Greenbrier: Good news, bad news

By Doug Smock
Published on
Greenbrier: Good news, bad news

WHITE SULPHUR SPRINGS, W.Va. -- GOOD NEWS is everywhere as the Greenbrier Classic begins today. A few bummers, but mostly good news.

The best news is there has been no repeat of the derecho of 2012. We've learned not to take that for granted in the run-up to this event.

That tournament was weird all the way around. After the storm went away and crews miraculously hauled off the downed trees and fixed the course, it got flaming hot.

It's not supposed to hit 97 degrees in Greenbrier County, as it did that Sunday. That won't happen this week.

The bad news: The tournament will have to dance around a 50 percent chance of thunderstorms all week. Some days, the forecast calls for scattered thunderstorms, a summertime fact of life in Greenbrier County.

Just pray for no repeat of that Sunday in 2013, when the leaders scurried to finish by dark (with mixed results).

Very good news: Bubba Watson is back in prime form, beating Paul Casey in a playoff to win the Travelers Championship near Hartford, Connecticut, Sunday afternoon.

(Casey is also a highly ranked Classic participant this week.)

You could blame Watson's 70-77 U.S. Open line on the six-week break he took between the Players Championship and the Open. But he spent it well -- he broke in his new place near The Greenbrier and attended games involving the Pensacola Blue Wahoos baseball team, of which he is part-owner.

The bad news is it's hard to string together two contending tournaments in two weeks. He should put on a good show, though.

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Here may be the worst news, at least on the musical front: No classic rock/Jimmy Buffett-type acts. The good news? I'm told a Blake Shelton/Miranda Lambert show should make for quality people-watching.

Good news: Tiger Woods is coming again. He'll carry most of the gallery.

Bad news: Woods is at least 200 spots below where he was in 2012 in the Official World Golf Rankings. Fans will be ready to cheer, but should be braced for a train wreck.

A 5-over par 75 for a round won't sound as bad as an 82 at the U.S. Open, but it will have the same effect at the Old White TPC. Traditionally, the cut runs in the even to minus-1 range.

You'd better not wait until Saturday to see him.

Good news: With Christian Brand and David Bradshaw in the field, today's open qualifier is interesting. That hasn't always been the case, and really wasn't last year.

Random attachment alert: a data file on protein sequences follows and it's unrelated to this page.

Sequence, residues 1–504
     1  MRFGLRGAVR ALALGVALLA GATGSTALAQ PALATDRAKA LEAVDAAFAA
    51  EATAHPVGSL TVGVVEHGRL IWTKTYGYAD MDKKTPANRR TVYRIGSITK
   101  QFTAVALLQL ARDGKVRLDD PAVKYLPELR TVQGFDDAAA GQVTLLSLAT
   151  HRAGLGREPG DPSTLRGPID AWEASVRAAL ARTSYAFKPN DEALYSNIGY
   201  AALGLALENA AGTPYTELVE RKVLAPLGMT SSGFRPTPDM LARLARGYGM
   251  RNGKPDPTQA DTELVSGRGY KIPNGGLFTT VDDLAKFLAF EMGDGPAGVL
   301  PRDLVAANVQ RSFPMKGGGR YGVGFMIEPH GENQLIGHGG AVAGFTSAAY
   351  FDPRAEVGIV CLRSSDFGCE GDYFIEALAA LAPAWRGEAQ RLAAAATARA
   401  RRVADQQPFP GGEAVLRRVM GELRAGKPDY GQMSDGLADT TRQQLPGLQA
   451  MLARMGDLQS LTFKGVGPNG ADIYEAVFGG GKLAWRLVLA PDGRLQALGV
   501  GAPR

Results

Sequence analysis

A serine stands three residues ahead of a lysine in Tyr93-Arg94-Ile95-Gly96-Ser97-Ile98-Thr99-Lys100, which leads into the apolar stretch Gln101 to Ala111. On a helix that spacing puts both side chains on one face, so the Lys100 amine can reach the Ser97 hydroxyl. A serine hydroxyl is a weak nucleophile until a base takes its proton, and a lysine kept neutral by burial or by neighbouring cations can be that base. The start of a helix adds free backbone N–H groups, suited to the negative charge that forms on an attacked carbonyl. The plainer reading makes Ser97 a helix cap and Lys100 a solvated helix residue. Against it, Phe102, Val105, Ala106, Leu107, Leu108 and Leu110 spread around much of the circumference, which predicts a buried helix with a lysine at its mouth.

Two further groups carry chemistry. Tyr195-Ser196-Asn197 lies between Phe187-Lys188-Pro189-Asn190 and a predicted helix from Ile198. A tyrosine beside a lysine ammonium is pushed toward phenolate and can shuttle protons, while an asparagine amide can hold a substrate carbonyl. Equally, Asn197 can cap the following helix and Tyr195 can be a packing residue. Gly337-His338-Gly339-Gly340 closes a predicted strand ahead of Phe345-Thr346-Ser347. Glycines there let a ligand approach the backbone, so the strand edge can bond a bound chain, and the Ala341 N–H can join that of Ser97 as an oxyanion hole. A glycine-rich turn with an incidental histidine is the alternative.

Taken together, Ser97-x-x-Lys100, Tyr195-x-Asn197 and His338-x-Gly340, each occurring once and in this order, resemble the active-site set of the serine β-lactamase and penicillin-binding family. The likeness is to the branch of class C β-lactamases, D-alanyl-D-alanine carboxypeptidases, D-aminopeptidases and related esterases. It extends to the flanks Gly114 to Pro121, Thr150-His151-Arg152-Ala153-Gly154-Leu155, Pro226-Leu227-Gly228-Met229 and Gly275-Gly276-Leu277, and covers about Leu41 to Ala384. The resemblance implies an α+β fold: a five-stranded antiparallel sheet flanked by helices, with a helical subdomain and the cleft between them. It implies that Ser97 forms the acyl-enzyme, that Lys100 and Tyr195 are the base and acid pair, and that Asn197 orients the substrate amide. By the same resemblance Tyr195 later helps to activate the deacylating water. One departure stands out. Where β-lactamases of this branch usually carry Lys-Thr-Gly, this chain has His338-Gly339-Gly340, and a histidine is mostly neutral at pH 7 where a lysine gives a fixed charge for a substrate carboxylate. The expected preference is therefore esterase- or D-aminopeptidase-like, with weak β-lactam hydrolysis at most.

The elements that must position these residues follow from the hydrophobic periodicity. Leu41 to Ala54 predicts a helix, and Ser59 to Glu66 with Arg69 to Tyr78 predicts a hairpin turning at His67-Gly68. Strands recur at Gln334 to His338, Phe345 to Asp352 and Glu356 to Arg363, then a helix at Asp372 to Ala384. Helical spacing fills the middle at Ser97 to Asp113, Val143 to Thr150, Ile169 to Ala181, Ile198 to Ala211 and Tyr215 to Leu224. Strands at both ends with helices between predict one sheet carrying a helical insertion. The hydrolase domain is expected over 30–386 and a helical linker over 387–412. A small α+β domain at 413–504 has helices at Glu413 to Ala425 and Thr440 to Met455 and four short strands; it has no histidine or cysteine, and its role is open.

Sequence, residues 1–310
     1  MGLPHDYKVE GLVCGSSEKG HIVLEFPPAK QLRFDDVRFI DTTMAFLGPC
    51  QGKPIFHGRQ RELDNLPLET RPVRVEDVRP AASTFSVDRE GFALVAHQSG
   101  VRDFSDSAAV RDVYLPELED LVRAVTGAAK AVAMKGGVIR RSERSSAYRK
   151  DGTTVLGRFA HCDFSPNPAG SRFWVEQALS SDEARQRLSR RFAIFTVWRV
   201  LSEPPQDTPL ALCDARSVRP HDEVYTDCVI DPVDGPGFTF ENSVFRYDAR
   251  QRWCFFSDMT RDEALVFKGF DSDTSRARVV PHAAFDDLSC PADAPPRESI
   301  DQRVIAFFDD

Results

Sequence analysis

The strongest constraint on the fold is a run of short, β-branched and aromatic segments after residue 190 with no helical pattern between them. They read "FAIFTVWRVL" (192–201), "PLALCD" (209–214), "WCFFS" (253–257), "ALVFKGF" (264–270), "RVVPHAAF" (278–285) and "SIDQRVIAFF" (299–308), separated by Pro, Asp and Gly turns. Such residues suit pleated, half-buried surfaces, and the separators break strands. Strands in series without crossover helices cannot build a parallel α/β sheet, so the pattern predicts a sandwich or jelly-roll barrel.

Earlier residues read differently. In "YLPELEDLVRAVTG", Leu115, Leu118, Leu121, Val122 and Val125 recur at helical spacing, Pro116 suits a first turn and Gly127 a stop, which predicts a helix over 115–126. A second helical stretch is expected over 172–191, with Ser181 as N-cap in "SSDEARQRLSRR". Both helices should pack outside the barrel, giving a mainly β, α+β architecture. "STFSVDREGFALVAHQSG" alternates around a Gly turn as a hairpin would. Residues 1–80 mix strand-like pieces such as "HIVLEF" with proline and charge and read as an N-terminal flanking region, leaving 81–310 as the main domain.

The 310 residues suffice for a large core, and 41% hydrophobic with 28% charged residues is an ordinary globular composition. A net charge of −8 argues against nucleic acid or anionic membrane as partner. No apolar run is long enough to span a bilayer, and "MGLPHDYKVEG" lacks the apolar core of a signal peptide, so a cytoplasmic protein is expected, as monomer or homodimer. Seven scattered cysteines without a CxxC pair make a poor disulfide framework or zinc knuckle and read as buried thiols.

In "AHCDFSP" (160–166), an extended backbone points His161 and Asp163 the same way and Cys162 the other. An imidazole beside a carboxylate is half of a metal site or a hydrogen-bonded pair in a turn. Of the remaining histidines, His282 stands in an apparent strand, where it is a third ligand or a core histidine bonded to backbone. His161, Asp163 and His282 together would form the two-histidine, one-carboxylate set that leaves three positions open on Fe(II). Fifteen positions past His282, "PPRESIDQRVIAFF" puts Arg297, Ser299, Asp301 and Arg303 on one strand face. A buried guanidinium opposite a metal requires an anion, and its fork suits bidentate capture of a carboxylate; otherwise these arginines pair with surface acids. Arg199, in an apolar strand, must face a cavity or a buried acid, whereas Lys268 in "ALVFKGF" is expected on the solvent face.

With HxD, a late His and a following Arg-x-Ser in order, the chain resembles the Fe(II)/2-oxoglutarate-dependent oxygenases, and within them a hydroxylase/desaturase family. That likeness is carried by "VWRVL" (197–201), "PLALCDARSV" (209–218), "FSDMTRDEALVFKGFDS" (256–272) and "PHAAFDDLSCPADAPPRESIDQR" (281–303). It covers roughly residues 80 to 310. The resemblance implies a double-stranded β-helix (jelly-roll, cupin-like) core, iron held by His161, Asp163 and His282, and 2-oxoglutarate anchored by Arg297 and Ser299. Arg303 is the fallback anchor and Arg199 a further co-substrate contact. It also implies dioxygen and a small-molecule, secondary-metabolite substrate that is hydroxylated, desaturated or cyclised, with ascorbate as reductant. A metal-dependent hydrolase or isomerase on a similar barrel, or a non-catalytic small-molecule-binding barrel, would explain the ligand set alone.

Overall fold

Other West Virginians fighting for those four precious spots in the field are Kenneth Hess, Davey Jude and Swanson Smith. They will join some former/current PGA Tour members I recognize, including five-time Classic player Josh Teater.

Teater, a Morehead State graduate, has slipped in status and was the ninth alternate heading into today.

Good news: I expect the foursome that qualifies to fare better than a combined 30-over on Old White. I predict one makes the cut.

My final bit of good news? I'll bet on another unheralded player to win the Classic, perhaps another rookie.

The bad news? Fans, both casual and really wired into the sport, are notoriously snobby about a "big-name" leaderboard.


The most unfortunate hit to the Classic field was the late decommitment of Hideki Matsuyama, who is 23 and can really, really play. He was fifth at the Masters, fifth in defending his 2014 Memorial title, and is ninth in the tour points standings and 14th in the world.

He has 32 top-25s in 52 starts, which is close to Jordan Speith's 46 in 75. That doesn't mean Matsuyama is better than Speith, but it does mean he's usually an arm's length from the lead, if not closer.

Matsuyama brings a strong contingent of Japanese media wherever he goes (many those workers are U.S.-based). Ryo Ishikawa, who will return this week, drew a decent following when he came here in 2013, but the 12-time Japan Tour winner has struggled stateside. But at 23, he still has some golf in him.

With players from 17 countries, the Classic gets some worldwide attention. South Korean media reps should be on hand, with eight Koreans in the field. Australia has six entered, as does Canada. South Africa has five.

Canada may be the most improved country, even if Mike Weir's Masters victory is 12 years in the rear-view mirror. Graham DeLaet is still seeking his first PGA Tour victory, but he is solid. Nick Taylor owns one PGA Tour win in his rookie year, and fellow rookie Adam Hadwin is grinding within the top 125.

And finally, some more good news: I am hearing that Patrick Rodgers is going to get in the field.

Rodgers, who came here in 2014 on the event's exemption awarded for the Haskins Award winner (college player of the year). He came to Old White and made the cut.

This year, he parlayed sponsor exemptions into special temporary member status. That status isn't high on the pecking order, so Rodgers still needs sponsor exemptions to get into most tournaments.

On Saturday, he shot up the Travelers board with a third-round 63. but fell out of the top 10 Sunday with a 73.

He got an exemption into that tournament and was awarded an exemption into the John Deere Classic (which follows the Greenbrier Classic) earlier this month, so I thought he might not be coming. He was entered in the field when it was released Friday, but as the 10th alternate.

With that, let the birdies fly.

This article was written by Doug Smock from The Charleston Gazette, W.Va. and was legally licensed through the NewsCred publisher network.